British Prime Minister Boris Johnson met Irish Taoiseach Micheal Martin on Friday to discuss post-Brexit trading arrangements and Northern Ireland.
The pair met at the UK prime minister’s countryside retreat, Chequers, amid persistent problems in the application of the Brexit agreement’s Northern Ireland protocol.
It angered Northern Ireland’s unionist community and boiled over into violence in the region last month.
Northern Irish nationalists are also angered about a recent report that admitted that 10 people killed in August 1971 in Ballymurphy, west
Belfast, by British soldiers, were “entirely innocent.”
Johnson wrote letters to the families of the massacre to express sorrow for the “terrible hurt that has been caused.”
But the families have publicly said they were angered by the letter, which they branded “unacceptable” because Johnson did not describe
the shootings as a “massacre.”
A Downing Street spokesperson said: “The leaders reflected on the Coroner’s report into the Ballymurphy massacre published this week.
They agreed it was profoundly sad that the families of victims had to wait so long for the truth.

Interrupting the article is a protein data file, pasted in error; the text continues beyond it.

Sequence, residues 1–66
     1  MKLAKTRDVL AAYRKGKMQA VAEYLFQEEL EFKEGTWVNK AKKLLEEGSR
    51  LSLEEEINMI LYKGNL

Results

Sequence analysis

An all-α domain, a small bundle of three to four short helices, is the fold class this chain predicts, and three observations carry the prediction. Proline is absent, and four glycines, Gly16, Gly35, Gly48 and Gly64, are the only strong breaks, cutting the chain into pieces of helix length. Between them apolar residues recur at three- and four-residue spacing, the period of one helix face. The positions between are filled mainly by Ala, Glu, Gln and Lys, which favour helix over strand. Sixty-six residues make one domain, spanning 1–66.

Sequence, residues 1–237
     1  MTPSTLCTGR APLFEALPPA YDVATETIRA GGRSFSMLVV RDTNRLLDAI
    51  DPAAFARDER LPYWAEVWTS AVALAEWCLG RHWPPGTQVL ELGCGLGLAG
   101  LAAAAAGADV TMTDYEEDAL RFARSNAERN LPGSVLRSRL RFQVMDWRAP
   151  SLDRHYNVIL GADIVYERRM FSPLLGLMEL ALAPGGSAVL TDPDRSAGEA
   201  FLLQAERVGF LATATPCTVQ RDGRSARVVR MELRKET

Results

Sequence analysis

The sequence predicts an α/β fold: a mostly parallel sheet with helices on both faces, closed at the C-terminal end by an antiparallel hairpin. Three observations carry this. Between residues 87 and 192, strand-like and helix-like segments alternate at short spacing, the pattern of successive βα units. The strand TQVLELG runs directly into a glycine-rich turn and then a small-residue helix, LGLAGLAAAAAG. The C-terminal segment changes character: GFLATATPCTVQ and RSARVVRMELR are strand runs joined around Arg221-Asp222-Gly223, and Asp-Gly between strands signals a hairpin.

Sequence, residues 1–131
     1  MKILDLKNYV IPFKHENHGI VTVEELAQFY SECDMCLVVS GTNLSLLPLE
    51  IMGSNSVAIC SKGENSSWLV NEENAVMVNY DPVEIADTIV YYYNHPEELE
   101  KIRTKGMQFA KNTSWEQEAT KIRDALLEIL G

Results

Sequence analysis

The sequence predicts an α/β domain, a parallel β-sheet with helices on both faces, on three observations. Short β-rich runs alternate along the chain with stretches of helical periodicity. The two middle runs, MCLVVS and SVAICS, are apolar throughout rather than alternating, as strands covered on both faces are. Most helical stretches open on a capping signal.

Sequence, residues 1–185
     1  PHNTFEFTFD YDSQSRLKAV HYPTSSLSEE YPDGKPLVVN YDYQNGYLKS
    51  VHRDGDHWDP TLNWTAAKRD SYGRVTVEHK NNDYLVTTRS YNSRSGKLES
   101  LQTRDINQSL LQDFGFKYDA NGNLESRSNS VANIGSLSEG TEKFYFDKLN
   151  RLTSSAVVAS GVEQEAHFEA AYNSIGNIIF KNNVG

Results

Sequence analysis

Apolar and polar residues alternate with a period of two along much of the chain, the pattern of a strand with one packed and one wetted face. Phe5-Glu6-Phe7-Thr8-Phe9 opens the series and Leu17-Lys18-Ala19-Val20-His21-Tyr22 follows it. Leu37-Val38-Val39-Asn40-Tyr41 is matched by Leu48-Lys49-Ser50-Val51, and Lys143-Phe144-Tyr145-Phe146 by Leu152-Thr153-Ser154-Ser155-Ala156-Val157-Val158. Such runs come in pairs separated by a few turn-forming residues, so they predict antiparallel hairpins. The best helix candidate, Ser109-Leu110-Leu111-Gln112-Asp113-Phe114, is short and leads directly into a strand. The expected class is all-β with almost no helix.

“The Prime Minister restated the UK Government’s commitment to finding a way forward in Northern Ireland that delivers for victims, aids
truth recovery and helps communities in the future.
“They agreed on the importance of working together to uphold the Belfast/Good Friday Agreement and to maintain smooth trade between
Great Britain, Northern Ireland and the Republic of Ireland.
“The leaders resolved to continue to work together in our fight against coronavirus and to closely share information in order to
enable a better recovery.”
Martin tweeted after the meeting: “Wide-ranging & constructive discussions with Boris Johnson today on British-Irish relations,
including the long struggle for justice by the Ballymurphy families.
“We also reaffirmed both governments’ commitment to the Good Friday Agreement and its institutions.”
Source: Anadolu Agency